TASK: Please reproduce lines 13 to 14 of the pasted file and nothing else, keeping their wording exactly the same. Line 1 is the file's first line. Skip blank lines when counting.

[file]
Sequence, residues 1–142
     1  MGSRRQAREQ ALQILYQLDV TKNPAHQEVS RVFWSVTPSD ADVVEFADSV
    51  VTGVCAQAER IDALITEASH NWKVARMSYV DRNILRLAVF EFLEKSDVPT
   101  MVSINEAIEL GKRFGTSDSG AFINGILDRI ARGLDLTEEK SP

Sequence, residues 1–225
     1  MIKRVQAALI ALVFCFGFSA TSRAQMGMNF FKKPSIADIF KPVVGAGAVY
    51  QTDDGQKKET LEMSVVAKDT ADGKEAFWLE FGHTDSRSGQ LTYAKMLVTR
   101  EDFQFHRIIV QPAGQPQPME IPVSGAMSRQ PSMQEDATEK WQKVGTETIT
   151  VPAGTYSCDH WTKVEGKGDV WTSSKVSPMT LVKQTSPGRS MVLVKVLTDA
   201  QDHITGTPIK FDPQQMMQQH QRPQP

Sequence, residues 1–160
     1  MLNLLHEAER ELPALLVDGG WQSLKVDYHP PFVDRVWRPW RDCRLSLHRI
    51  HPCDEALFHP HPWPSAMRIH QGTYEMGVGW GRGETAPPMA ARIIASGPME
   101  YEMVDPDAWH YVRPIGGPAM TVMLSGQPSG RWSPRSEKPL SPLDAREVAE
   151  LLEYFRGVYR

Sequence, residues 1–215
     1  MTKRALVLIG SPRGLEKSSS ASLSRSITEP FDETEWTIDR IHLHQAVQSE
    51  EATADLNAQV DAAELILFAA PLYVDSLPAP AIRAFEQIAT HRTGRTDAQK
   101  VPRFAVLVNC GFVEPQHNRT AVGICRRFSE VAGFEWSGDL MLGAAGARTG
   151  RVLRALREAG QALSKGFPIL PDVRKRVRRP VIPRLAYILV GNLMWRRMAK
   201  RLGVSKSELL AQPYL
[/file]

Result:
    51  HPCDEALFHP HPWPSAMRIH QGTYEMGVGW GRGETAPPMA ARIIASGPME
   101  YEMVDPDAWH YVRPIGGPAM TVMLSGQPSG RWSPRSEKPL SPLDAREVAE